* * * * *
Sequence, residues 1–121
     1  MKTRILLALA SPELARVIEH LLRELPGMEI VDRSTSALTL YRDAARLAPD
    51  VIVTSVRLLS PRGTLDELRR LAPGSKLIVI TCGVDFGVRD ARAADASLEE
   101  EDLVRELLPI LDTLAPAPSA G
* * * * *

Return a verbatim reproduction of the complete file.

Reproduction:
Sequence, residues 1–121
     1  MKTRILLALA SPELARVIEH LLRELPGMEI VDRSTSALTL YRDAARLAPD
    51  VIVTSVRLLS PRGTLDELRR LAPGSKLIVI TCGVDFGVRD ARAADASLEE
   101  EDLVRELLPI LDTLAPAPSA G